Practitioners in RTA or EL/PL cases take note! Settlement by Part 36 can have unexpected consequences, and defendants must seriously consider whether making a Part 36 offer is appropriate if they wish to dispute the costs claimed.
I was recently instructed in relation to an RTA claim in which, following submission of the claim notification, form the defendant had written to the claimant stating that it had LVI concerns which, it said, required further investigation. The claimant thereafter wrote to the defendant confirming that due to the concerns raised, the matter was no longer suitable for the portal and therefore the matter had exited the portal pursuant to the paragraph 7.76 of the RTA Protocol.
The matter proceeded and ultimately settled by way of Part 36 following the issue of proceedings but before a case management conference.
The claimant sent a schedule to the defendant setting out the relevant costs with Table B under CPR 45.29A.
The defendant responded by stating that the fact that LVI was raised was not sufficient justification for the matter to exit the portal, that liability was admitted and that therefore the matter should have remained within the portal and the court should restrict the claimant to portal costs.
This was a matter which started under the RTA Protocol, but no longer continued under that protocol,[i] and therefore the starting point for determining the claimant’s entitlement to costs is CPR 36.20.
The right to detailed assessment arises only where there is an order that a party pay another parties costs to be assessed if not agreed. This can happen in the following ways:-
- The court makes an order in those terms (either by consent or otherwise);
- Such an order is deemed to have been made pursuant to CPR 44.9(1), specifically as a result of the operation of:-
- CPR 3.7 (claim struck out for non-payment of fees)
- CPR 3.7B (sanctions for dishonouring cheque)
- CPR 36.13 (a CPR 36 offer is accepted); or
- CPR 38.6 (claimant discontinues)
It is important to note that CPR 36.13 only applies subject to CPR 36.20[ii], thus an order for assessment of costs is deemed to have been made only where the claim settles pursuant to CPR 36.13, and not where settlement is pursuant to CPR 36.20.
The applicable regime is that contained within CPR 36.20(2), which states that ‘where a Part 36 offer is accepted within the relevant period, the claimant is entitled to the fixed costs in… [the relevant table].. of Part 45 for the stage applicable at the date on which notice of acceptance was served…’ The only relevant factor is when the claim actually settled, and there is no right for the claimant to bring assessment proceedings, or for the defendant to dispute the costs claimed.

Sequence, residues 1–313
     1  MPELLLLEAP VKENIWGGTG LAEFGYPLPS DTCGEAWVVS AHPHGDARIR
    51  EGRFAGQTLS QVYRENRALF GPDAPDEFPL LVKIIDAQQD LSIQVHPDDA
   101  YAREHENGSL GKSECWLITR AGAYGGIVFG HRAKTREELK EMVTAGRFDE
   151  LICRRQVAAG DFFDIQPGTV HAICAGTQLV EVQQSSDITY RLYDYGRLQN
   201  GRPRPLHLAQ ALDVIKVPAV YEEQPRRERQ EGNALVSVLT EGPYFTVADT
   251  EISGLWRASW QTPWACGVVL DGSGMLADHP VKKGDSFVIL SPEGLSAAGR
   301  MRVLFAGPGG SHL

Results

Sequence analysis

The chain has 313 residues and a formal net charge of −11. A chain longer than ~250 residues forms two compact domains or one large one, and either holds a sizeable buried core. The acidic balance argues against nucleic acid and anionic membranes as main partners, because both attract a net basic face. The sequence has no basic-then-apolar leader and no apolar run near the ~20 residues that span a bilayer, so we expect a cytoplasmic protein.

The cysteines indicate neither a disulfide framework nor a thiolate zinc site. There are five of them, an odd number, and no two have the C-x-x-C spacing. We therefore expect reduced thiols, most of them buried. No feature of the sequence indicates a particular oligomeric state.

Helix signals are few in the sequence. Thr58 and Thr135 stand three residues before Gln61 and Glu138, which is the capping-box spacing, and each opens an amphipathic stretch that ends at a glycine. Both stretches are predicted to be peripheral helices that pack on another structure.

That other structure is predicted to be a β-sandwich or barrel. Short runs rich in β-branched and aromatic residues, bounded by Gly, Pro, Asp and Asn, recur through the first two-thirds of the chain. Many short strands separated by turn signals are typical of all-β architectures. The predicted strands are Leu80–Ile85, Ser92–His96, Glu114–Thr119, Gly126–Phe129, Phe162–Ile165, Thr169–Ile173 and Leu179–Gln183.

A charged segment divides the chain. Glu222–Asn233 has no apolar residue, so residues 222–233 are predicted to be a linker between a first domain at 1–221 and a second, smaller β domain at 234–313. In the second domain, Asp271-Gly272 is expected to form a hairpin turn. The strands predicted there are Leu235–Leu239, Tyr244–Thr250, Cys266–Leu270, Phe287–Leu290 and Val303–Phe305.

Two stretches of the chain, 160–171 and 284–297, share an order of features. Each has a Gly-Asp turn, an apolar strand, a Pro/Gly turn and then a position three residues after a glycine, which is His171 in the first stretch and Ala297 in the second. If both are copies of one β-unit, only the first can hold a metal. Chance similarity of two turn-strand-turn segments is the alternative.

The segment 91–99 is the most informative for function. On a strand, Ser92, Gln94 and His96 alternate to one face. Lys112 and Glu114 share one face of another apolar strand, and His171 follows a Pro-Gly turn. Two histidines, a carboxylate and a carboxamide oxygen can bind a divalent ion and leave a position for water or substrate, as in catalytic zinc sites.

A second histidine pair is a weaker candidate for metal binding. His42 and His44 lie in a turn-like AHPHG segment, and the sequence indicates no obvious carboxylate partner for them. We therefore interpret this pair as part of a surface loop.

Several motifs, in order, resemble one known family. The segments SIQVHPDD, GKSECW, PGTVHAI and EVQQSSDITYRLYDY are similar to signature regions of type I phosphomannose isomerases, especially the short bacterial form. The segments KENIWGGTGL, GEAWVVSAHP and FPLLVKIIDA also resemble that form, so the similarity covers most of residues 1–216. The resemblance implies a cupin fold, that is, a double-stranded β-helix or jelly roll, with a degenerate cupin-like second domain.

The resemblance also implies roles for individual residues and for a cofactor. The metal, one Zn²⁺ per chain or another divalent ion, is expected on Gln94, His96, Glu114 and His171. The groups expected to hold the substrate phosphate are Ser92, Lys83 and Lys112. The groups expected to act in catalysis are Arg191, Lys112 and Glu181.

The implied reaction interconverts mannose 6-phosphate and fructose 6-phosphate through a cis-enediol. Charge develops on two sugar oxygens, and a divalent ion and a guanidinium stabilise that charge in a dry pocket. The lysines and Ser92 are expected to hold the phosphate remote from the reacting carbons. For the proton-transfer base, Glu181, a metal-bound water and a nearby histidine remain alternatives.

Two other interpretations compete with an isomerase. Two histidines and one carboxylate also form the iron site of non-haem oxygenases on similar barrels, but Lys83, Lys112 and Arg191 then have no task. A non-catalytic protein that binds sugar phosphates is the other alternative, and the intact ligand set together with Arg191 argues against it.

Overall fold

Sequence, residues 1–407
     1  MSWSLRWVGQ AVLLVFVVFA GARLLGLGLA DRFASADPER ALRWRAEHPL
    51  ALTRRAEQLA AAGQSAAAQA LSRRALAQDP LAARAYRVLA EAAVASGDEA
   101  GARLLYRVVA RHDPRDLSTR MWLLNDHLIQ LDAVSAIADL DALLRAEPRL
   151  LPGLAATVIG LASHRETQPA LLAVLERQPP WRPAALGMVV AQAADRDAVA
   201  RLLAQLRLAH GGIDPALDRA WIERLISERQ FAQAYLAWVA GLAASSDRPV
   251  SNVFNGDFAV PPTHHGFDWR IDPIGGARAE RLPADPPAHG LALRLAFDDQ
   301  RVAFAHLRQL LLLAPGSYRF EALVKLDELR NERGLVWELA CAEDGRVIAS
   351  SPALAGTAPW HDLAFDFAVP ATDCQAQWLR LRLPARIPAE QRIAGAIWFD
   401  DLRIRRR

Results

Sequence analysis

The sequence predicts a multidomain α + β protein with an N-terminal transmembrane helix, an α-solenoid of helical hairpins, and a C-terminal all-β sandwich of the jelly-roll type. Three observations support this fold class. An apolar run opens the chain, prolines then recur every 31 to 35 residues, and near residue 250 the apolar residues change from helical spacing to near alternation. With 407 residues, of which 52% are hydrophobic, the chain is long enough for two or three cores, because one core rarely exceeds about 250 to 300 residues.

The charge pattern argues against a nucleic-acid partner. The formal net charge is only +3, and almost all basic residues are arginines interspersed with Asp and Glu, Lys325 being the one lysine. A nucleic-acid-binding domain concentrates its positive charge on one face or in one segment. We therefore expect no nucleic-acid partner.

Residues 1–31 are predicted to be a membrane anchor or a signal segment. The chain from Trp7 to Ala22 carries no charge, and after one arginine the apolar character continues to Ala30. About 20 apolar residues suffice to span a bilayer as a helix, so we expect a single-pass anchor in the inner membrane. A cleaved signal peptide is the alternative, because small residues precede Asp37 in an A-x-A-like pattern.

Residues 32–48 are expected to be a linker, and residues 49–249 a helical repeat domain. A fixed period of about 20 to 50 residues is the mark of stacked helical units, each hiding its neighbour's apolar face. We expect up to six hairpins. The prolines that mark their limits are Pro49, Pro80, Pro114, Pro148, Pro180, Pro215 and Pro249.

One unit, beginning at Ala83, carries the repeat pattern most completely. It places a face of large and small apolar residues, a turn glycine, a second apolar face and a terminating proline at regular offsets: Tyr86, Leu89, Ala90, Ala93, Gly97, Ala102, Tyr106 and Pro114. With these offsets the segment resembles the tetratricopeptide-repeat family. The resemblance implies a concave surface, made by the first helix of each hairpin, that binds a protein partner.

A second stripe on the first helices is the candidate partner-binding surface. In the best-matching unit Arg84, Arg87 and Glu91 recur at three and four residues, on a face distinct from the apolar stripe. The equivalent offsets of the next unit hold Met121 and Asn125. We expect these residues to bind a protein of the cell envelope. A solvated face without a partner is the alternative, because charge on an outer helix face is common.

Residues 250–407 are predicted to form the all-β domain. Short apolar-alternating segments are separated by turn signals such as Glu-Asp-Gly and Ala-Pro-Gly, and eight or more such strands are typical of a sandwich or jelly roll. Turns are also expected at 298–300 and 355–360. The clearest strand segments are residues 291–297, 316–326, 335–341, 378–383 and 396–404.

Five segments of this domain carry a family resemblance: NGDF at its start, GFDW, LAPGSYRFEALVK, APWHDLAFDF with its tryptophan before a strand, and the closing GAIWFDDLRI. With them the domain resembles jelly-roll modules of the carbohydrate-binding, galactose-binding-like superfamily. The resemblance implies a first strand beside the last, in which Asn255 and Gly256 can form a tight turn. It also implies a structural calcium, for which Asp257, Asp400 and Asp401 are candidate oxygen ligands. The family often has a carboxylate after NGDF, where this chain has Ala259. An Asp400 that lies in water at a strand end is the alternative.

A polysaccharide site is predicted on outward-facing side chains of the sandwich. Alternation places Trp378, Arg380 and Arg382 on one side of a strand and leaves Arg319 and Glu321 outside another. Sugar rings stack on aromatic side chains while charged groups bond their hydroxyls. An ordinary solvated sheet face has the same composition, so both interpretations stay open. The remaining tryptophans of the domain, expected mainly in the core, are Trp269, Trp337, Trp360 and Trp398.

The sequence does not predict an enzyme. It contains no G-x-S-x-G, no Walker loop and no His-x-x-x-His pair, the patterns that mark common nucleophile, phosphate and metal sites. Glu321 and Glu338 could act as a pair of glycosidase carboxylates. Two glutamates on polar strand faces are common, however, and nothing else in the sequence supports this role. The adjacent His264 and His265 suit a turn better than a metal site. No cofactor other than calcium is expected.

CPR 45.29A states that it applies ‘where a claim is started under the [RTA Protocol] but no longer continues under the relevant Protocol…’ This is a simple question of fact, and there is nothing which provides that the claim must have left the portal ‘correctly’.
It is worth noting that CPR 45.29A does state that ‘nothing in this section shall prevent the court making an order under rule 45.24’. Pursuant to CPR 45.24(2) and (2A), where the court determines that a claimant did not comply with the relevant protocol the court may make other orders in respect of costs. It is critical to note that these paragraphs apply only where judgment is given in favour of the claimant. Where the claim has settled, as will always be the case where there is offer and acceptance pursuant to CPR 36, there has been no judgment.
If a CPR 36 offer made in RTA or EL/PL proceedings is accepted within the relevant period for that offer, the claimant will be entitled to the costs within the relevant table applicable as at the date notice of acceptance was served. There is no right for a defendant to dispute the level of costs claimed. Defendants in such cases should consider whether to make a Part 36 offer at all.
Whilst a defendant might seek to argue that it had already raised issue with whether the claim had left the portal correctly, it is my view that such an argument would be unlikely succeed because the consequences of Part 36 are clear, and that by making such an offer the defendant has compromised its right to do so.
If defendants wish to settle such claims but preserve their right to dispute the claimant’s costs, they should settle by way of a consent order providing that costs be assessed.
Please note that this question has not currently been determined by the court and is my current recommendation for ‘best practice’. Updates shall follow as the position develops.
Matthew Rose is a Solicitor in the Costs and Litigation Funding department at Clarion Solicitors. You can contact him at email@example.com, or the Clarion Costs Team on 0113 222 3248.
[i] See CPR 36.20(1)
[ii] See CPR 36.13(1)